empowering communities of color by promoting mental health
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Journal

More Focus Needed on Black Mental Health at HBCUs

Most college students have been back on campus for a month or so. Whether new or returning, the routine is the same: choose and register for classes, purchase textbooks and supplies, resolve any remaining problems with housing and meals, and most importantly make sure the money is right. If asked, it’s a safe bet that many college students would say that their stress level begins to creep up from the moment they take that first walk around campus.

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Chandra C.
Colorism: Let's Start Talking

Colorism is hard to talk about. It’s shameful to admit that people who have been systematically, historically, systemically, strategically, and forcefully oppressed based on having black skin would discriminate and hold prejudice against their own with blacker skin. But colorism is alive and not treating us so well.

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Chandra C.
What Memorial Day can Teach Black America about Mental Health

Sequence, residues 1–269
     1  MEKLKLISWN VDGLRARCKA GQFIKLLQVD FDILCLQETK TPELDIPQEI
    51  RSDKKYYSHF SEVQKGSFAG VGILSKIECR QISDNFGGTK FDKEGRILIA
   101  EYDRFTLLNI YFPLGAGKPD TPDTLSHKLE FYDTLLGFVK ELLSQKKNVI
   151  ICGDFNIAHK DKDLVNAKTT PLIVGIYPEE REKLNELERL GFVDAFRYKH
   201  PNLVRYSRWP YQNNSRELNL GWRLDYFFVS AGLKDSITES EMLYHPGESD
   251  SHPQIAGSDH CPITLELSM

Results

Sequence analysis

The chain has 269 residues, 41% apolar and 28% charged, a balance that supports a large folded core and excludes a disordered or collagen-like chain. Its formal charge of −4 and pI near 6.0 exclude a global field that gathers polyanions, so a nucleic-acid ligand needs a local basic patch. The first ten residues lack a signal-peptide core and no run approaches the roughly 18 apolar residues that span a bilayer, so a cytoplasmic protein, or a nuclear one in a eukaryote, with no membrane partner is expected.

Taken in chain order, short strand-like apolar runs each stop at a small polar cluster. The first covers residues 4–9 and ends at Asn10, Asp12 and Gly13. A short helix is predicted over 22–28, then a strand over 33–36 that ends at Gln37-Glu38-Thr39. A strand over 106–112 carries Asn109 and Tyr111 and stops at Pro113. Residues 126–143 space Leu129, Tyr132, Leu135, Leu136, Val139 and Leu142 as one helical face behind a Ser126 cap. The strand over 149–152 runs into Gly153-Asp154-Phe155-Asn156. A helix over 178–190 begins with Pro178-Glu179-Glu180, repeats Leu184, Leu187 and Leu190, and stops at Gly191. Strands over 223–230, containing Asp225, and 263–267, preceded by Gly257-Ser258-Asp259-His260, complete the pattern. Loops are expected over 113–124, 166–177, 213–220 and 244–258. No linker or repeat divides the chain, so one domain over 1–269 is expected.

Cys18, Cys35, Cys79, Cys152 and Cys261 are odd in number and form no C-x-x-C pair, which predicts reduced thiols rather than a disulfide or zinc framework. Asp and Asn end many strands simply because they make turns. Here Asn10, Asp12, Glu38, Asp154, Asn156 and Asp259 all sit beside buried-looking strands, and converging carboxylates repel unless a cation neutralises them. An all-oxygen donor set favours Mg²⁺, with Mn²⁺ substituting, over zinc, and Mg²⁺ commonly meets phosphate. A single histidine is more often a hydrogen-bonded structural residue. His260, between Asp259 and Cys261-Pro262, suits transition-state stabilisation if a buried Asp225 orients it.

History, like suffering, can teach lessons that cannot be learned any other way. For Black America, history and suffering sometimes seem synonymous similar to how America sometimes seems synonymous with ‘white’. Memorial Day is customarily a time when observers remember both the history of Americans’ fighting in and dying during military service to this country.

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Chandra C.
What Black Millenials Need to Know Now About Mental Health

True to their optimistic outlook, many seem to recognize the need for building and maintaining strong inner reserves to confront obstacles and be the change catalysts they envision themselves to be. Black Millennial women are spearheading mental health outreaches like Healing Melanin, Melanin Mental Health, Redefine Enough, and others, demonstrating the kind of awareness required to hang tough for the long haul.

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Chandra C.
Ourselves Black Professional Spotlight and Dialogue: Dr. Kimya Dennis

That can be extremely difficult because one thing we know is that people know how to act. They know how to save face. But what they do when they get back in their own space is different from what they say [in public]. One thing I tell people is ‘I know I can’t change your mind, and you’re welcome to think whatever you want to think but now let's challenge what you’re doing’.

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Chandra C.